After getting off work last Saturday night, University of Maryland sophomore Daniel Williams was making his way up the hill toward Montgomery Hall and chatting on the phone with his mom.
That’s when he saw somebody trip as they rushed to catch a bus, just five or ten feet away from him.
“I hear the worst cracking sound I’ve ever heard in my life,” said Williams, a history and secondary education major. “And then I hear screaming.”
Tori Sauder, a senior computer science major at this university, had gotten her left leg crushed under the wheels of a Shuttle-UM bus. In the days since, Sauder said she has undergone two surgeries for her broken femur and tibia.
But in the moments that followed the accident, one thing was certain: Sauder was not alone.
Immediately, Williams called 911 and offered her some water from his 24-ounce Wawa cup. Another student turned their hoodie into a makeshift tourniquet to stop the flow of blood coming from her leg. A group of girls also converged to talk with her, keeping her distracted until paramedics arrived.
Now, Sauder credits their fast actions for saving her life.
“I could see on their faces that they were really scared,” Sauder said. “But despite that, they stopped and helped anyway, which I think is really amazing.”
[Read more: UMD suspends study abroad programs in Italy as coronavirus spreads]
In an emailed statement sent by a spokesperson for the university, the Department of Transportation Services expressed its sympathy for Sauder.
“Pedestrian safety is of the utmost importance for DOTS and we wish for the student’s swift recovery and our hearts go out to all those involved in the incident,” the department wrote.
When incidents involving Shuttle-UM buses happen, the driver is “immediately removed from safety-sensitive functions and/or placed on leave” while officials conduct an investigation to determine the incident’s cause, the degree of the driver’s responsibility and any necessary disciplinary action, the department also wrote.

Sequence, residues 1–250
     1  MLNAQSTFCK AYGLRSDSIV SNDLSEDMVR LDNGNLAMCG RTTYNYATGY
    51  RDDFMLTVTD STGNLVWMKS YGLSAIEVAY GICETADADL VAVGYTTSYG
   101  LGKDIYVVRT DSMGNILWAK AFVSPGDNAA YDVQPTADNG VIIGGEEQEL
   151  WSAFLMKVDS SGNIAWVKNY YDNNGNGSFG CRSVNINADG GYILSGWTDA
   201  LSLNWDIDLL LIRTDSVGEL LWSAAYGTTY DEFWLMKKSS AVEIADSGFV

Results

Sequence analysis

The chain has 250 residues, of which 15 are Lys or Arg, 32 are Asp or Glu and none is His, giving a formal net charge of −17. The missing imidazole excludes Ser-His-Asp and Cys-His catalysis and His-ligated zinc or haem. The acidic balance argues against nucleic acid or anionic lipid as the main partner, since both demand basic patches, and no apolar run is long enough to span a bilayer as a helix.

Students who saw the accident took to Reddit on Saturday night to search for answers. In threads, people extended “prayers up to everyone involved” and asked what happened near Route 1.
[Read more: After a Route 1 car accident, a UMD student EMT jumped into action]
The next day, Sauder shared her story with the online community. As of Sunday afternoon, the post she wrote — titled “Thank you everyone!!! From the girl whose leg was run over by a Shuttle-UM bus yesterday” — had been upvoted more than 750 times.
Sauder thanked first responders and the bystanders who jumped to her aid, and recognized that the incident must’ve been difficult to watch. She also said her “good prospects” are thanks to the fast-paced response and a bit of luck — adding that she can still wiggle her toes.
The accident, Sauder wrote in a message, left her with a femur fractured into three pieces, a broken tibia that punctured her skin and a dislocated tibiofibular joint. Additionally, she wrote her femur was forced upward into her hip, causing further damage, and she can’t put weight on her leg for three months.
In the comments section of her Reddit posts, students rallied behind Sauder, calling her “a warrior,” a “true Terp.” Another even asked for her X-rays — which she shared the next day.
Watching the messages of encouragement and support flood in was a powerful experience for Sauder.
“You kind of get used to looking at yourself almost like a fragile person,” Sauder said. “And so, to see so many people coming together and viewing me as strong and a warrior and me actually feeling like I can agree with them to some degree — that’s really amazing.”
Looking forward, Sauder isn’t sure when she’ll be up and moving again. However, she’s optimistic that she’ll be able to use her leg again — even though she said she’ll need at least a year of physical therapy before she’ll be able to run again.
Seeing Sauder’s post on Sunday made Williams feel a lot better. He posted a comment, which sparked a virtual conversation between him and Sauder. Through private messages, Williams said Sauder told him about how much blood she could have lost if people hadn’t stepped up to help her quickly.
“It made me reassured to know that I did everything that I could do and that I did all of the right things,” Williams said.
Martin Gonzalez, who graduated from the university in 2018, watched the accident unfold from the window of a corner unit in the Landmark Apartments. He saw that a bus had stalled on the street for a while, and when people started circulating around it, he realized that something had gone wrong.
But as Gonzalez and his friends looked down on Route 1 as paramedics and police arrived, they felt relieved. Later, Gonzalez commented on Sauder’s Reddit post, letting her know that he had seen the incident and that he was glad she was doing all right.
“It’s almost like you don’t have to worry about being left alone,” Gonzalez said. “When you’re on campus, you have all your friends around, and you know that there are people that are ready to respond.”
This story has been updated.